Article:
Vancouver International Centre for Contemporary Asian Art

Centre A Arts Writing Mentorship 2022

 

We are delighted to announce the 8 participants of our inaugural Arts Writing Mentorship Program! We received a high volume of remarkable applications, and we are proud to introduce this amazing cohort of emerging writers. Over the course of 12 weeks, the cohort will learn from established writers, editors, artists, and curators in a professional setting, while receiving exclusive networking opportunities, mentorship, supervision, and feedback on their writing. The mentorship will consist of weekly programming such as guest talks by local and international writers and curators, field trips and site visits to local artist studios and galleries, guided workshops with mentors, and peer-to-peer reviews.

 

Participant Bios:

Kitty Cheung

Kitty Cheung is a Cantonese Canadian writer living and creating on unceded Katzie, Tsawwassen, Stó:lo, WASNEC and Kwantlen land. Her writing zips between poetry, short stories, zines, and comics. With a fondness for stories overlapping cultural identity, queerness, and mental health, she is excited to build her writing practice with Centre A’s Arts Writing Mentorship. She looks forward to becoming more involved in her local literary community, meeting fellow Asian Canadian writers, and expanding her portfolio of published writing. Currently an undergraduate student at Simon Fraser University, she studies Interactive Arts and Technology with a minor in World Literature. Her writing has been published in The Peak SFU, The Lyre, Ricepaper Magazine, and Best Canadian Poetry 2021. Kitty finds solace in zebra pens and drag shows.

 

Janice Esguerra

Janice Esguerra is a young emerging writer and multidisciplinary artist from East Vancouver. She is a recent graduate from UBC’s Creative Writing BFA program, and has a heavy interest in fiction, non-fiction, creative journalism, photography, poetry, and hybrid forms. Within the Center A Mentorship, she aims to become more familiarized with POC artists and writers, educate herself on identity politics, broaden her understanding of contemporary art, to experiment more with hybrid forms, and immerse herself in the work of other BIPOC artists/writers.

 

 

Karl Hipol

I am Karl Mata Hipol, born in the Philippines and immigrated to Canada in 2015. Currently, I live, work, and create in the unceded territories of the Squamish and Tsleil-Waututh nations, also known as the North Vancouver. I am an emerging multidisciplinary artist and curator. And an upcoming graduate from Emily Carr University of Art + Design with a Bachelor’s degree in FineArts major in Visual Arts, and a minor in Curatorial Practice. The list of Galleries I have exhibited includes Burrard Arts Foundation (2022), Burnaby Village Museum (2022), Centre A (2021), Seymour Art Gallery (2021), and Headline Gallery (2021), The Reach Gallery Museum (2020-21). Here, I worked with the Gallery’s permanent collection and collaborated with other professional BIPOC artists to create and encourage diverse and enriched conversations through the arts.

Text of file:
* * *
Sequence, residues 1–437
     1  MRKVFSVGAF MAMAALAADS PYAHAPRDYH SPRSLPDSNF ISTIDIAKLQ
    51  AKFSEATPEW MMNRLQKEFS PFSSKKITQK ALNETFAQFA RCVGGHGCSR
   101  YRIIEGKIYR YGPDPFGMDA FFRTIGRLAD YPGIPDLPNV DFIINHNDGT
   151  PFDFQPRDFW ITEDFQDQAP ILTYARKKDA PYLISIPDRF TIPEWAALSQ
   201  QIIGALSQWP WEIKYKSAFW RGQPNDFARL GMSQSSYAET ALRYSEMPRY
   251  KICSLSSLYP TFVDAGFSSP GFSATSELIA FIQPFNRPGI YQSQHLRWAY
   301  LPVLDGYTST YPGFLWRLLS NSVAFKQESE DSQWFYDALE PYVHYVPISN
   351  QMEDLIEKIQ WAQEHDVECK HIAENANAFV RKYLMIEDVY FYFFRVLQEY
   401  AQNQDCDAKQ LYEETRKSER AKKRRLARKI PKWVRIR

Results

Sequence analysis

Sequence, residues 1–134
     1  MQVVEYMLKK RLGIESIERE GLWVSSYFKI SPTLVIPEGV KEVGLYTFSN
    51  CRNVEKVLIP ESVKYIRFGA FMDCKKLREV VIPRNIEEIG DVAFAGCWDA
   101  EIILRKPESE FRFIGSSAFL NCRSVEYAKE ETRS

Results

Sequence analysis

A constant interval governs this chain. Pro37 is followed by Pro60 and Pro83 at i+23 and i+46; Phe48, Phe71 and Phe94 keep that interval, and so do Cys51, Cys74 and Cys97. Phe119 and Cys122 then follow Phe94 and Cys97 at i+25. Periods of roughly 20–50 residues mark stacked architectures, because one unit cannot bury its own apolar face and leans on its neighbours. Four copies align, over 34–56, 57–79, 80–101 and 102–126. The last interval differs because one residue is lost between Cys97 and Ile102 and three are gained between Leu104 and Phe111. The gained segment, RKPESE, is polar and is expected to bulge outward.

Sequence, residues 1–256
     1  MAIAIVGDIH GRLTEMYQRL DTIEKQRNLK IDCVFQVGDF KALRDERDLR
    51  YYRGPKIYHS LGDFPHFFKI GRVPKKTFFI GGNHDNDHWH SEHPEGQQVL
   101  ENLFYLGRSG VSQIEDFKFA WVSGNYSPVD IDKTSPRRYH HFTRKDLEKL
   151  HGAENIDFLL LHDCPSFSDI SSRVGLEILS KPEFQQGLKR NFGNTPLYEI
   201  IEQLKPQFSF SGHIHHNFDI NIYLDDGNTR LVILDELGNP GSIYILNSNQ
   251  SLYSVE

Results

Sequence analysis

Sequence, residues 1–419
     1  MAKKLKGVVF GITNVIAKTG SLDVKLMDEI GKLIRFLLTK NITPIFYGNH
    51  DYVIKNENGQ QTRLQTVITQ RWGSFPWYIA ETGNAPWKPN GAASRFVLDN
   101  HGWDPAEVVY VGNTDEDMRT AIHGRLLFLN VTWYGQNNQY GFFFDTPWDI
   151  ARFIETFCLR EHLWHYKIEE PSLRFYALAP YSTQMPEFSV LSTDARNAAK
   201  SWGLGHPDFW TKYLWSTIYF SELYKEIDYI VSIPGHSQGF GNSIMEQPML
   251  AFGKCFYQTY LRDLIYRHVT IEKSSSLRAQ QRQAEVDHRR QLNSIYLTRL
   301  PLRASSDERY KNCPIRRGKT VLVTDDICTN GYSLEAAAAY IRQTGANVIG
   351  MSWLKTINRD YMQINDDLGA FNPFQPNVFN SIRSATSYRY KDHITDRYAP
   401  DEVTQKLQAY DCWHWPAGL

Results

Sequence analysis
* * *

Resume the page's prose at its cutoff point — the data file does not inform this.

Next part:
Fidelia Lam

Fidelia Lam is a Canadian multimedia artist and scholar whose work attends to the shared ground of Asian/American diaspora, aesthetics, technology, and urban space through recursive assemblages of code, animation, projection, sound, and bodies alongside critical inquiry. Her multimodal and interdisciplinary practice leverages an autotheoretical diasporic lens to examine the affective and aesthetic legacies and mutations of empire and colonialism in contemporary culture. Her practice is guided by practices of diasporic movement across geographies and urban spaces; her parents immigrated to British Columbia in the 90s from Hong Kong; Lam was born and raised moving within the Pacific Northwest (in both Canada and the United States) and would visit Hong Kong during summers. Fidelia is currently an Annenberg Fellow, a Diversity, Equity, and Inclusion Fellow, and PhD Candidate in Interdisciplinary Media Arts and Practice in the School of Cinematic Arts at the University of Southern California. She splits her time between Vancouver, BC and Los Angeles, CA. Due to the interdisciplinary nature of her work, Lam often writes in entangled polyphonic voices, and will use this mentorship to clarify the relationships between the various modes of writing she engages in.

 

Asumi Oba

Asumi Oba was born and raised in Chiba Prefecture, Japan. She holds a Bachelor’s degree in Art History from Hanover College, IN, USA and a Master’s degree in Art History from the University of British Columbia. She currently works as a Special Projects Coordinator at the Contemporary Art Gallery in downtown. Currently, Asumi resides in “East Vancouver” on a traditional, ancestral, and unceded territory of Musqueam, Squamish, Tsleil-Waututh, and Stz’uminus people as an uninvited guest.

Through this program, Asumi hopes to expand her writers’ network, learn how to allocate time and energy efficiently to produce a professional piece, and slowly begin a long-time process of unlearning her academic way of writing about art. She would like to start approaching her writing as a way of supporting artists and their career advancement.

 

Parikshit Mukerjee

Pari (they/his) is an Indian storyteller and chronicler based out of Vancouver, Canada. As an emerging BIPOC artist, Pari uses digital media as their primary platform for artistic expression, which centres on South Asian knowledge-translation by blending genres in writings, sonics and visuals. A passionate believer in community-driven healing, Pari has recently served as a Literacy Mentor for inner-city kids in Vancouver as well as an Awareness Volunteer for the DTES area. His formal training in Rehabilitation Sciences has also empowered Pari to embrace a vocation in arts, which he believes to be yet another outlet for healing that brings forth deep-rooted connections between our infinite mind and our finite bodies. Pari is keen to explore through this program the intersection of collective and intergenerational trauma within Asian households and how their osmosis may uphold cycles of delayed grief across generations. Consequently, Pari intends to work closely with like-minded peers and mentors in the Program to refine their writing as a storytelling craft and tap into aligned community-driven opportunities for the evolution and advancement of contemporary Asian-diasporic themes across the City.

 

Weijin Ross